Has the surge already failed? That’s the impression you get from the MSM. The reality on the ground is a little different. Although the last surge troops only arrived in June, they have already had a significant impact. How significant? In preparing to testify before a congressional committee tomorrow, I put that question to a friend of mine, an American officer serving in Baghdad. Here is his response, which he agreed to let me share with contentions, provided that I did not use his name (I’ve added explanations of a few acronyms):
Here are some positive results of the surge strategy to date—I’m sure you’ve got the negatives down pat from all the media reports.
– Deaths caused by sectarian violence in Iraq are down 75 percent from January to June
– VBIED’s [vehicle-borne improvised explosive devices]/Suicide attacks cut in half from March to June; VBIED’s at lowest level since August 2006
– Casualties from VBIED’s cut in half from February to June
– Attacks in Al Anbar cut by 80 percent since February
– ISF KIA [Iraqi Security Forces killed-in-action] at 2-3 times the level of Coalition KIA—Iraqis are fighting and dying for their country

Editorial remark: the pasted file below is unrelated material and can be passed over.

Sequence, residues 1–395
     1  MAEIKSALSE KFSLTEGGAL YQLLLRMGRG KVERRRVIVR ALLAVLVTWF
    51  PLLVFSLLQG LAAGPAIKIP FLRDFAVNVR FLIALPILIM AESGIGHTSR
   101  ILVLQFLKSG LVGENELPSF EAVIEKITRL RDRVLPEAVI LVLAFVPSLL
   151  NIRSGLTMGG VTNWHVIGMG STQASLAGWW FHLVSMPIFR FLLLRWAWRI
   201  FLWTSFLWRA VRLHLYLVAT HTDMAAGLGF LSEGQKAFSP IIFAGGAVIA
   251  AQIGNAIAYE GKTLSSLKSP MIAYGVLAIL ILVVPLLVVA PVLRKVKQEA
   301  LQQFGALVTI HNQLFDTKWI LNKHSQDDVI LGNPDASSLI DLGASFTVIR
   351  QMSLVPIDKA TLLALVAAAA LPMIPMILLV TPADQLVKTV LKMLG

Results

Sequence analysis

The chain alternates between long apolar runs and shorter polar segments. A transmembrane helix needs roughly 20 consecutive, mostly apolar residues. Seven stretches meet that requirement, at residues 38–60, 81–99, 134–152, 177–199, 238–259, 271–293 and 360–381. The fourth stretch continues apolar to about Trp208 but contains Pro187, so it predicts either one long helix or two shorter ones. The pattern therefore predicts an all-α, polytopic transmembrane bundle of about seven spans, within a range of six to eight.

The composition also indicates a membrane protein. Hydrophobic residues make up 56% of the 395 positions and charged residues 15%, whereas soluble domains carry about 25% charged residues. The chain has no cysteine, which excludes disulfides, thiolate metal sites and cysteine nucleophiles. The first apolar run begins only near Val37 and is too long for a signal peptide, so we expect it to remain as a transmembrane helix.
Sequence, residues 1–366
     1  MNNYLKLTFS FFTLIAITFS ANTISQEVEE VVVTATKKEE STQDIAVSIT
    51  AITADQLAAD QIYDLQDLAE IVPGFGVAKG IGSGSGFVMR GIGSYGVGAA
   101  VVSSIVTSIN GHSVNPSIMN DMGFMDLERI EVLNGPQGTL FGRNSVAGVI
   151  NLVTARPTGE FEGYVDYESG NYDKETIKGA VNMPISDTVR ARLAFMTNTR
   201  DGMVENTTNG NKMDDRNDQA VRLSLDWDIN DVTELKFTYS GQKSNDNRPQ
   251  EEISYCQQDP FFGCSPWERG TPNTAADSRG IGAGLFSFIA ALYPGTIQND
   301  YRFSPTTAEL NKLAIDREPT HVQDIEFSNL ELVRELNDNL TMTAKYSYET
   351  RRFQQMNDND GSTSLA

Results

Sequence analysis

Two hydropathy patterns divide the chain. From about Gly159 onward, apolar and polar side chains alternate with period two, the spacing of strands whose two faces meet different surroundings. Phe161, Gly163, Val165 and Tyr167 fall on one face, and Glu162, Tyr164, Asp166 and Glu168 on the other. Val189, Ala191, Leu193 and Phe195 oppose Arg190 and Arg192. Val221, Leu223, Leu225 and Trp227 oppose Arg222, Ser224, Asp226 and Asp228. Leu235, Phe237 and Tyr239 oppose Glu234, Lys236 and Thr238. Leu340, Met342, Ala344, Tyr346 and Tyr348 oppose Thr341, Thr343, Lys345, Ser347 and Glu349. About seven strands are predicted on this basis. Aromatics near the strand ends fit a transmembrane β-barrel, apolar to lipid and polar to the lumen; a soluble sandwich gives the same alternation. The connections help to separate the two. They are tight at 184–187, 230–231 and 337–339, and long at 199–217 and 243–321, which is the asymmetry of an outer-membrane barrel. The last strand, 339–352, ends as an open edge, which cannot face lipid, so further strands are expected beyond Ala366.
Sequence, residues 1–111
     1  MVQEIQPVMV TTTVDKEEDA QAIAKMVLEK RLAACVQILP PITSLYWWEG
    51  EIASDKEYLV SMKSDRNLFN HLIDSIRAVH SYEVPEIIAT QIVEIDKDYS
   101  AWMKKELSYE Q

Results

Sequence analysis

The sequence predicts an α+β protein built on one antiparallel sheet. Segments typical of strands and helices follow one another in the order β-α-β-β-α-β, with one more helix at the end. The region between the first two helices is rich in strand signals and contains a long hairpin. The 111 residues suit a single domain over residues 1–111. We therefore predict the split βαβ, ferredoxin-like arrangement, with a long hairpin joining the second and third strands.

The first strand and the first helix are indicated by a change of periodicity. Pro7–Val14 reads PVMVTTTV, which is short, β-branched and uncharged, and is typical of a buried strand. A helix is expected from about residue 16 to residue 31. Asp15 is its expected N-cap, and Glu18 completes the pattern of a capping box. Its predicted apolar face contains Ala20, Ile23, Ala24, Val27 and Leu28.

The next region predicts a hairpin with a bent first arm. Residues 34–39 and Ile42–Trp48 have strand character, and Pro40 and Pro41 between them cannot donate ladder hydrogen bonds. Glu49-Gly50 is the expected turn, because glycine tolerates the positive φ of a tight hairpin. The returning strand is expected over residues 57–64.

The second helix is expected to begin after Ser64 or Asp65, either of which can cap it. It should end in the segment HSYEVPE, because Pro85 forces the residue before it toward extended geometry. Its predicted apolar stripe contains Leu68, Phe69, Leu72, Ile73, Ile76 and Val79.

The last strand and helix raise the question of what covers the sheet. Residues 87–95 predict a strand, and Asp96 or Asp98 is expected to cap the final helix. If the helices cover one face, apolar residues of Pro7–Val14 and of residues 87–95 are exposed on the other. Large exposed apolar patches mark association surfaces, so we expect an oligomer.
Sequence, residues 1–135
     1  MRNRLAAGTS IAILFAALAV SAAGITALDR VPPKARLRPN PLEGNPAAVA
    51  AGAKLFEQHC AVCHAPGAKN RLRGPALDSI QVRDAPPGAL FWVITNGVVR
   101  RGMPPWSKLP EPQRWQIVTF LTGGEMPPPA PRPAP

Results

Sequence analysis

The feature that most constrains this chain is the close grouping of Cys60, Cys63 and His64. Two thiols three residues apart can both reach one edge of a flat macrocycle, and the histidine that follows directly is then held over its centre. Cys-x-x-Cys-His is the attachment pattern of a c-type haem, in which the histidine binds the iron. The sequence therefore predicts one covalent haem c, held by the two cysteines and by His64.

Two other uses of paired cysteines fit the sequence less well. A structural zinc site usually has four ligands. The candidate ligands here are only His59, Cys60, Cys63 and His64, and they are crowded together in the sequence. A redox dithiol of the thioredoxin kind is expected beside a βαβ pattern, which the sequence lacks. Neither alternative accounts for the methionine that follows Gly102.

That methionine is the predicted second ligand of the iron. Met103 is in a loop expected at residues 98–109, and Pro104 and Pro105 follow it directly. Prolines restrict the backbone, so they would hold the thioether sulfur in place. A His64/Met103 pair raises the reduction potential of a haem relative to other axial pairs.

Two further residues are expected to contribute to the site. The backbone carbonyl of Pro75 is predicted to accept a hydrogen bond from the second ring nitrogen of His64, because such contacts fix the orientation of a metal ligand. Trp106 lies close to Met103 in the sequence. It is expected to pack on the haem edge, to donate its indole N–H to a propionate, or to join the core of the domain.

– Tribes are rejecting Al Qaeda in Al Anbar, Salah Ad Din, Ninewa, Diyala
– AQI [Al Qaeda in Iraq] is on the defensive and slowly dying—BUT WE NEED TIME TO FINISH THE JOB or they will recover
– Government of Iraq is rejecting militias and authorizing strikes anywhere in Iraq
– Government of Iraq responded well to second Samarra Mosque bombing
– Government of Iraq has formed a Reconciliation Committee to engage local groups and bring them into the process against Al Qaeda and in support of the GoI
– Government of Iraq improving budget execution
The big negative, of course, is lack of political reconciliation at the national level, but this is a lagging indicator. Progress is being made at the local level, and I believe the national leaders will follow in due course once the trend is clear.
Best from Baghdad,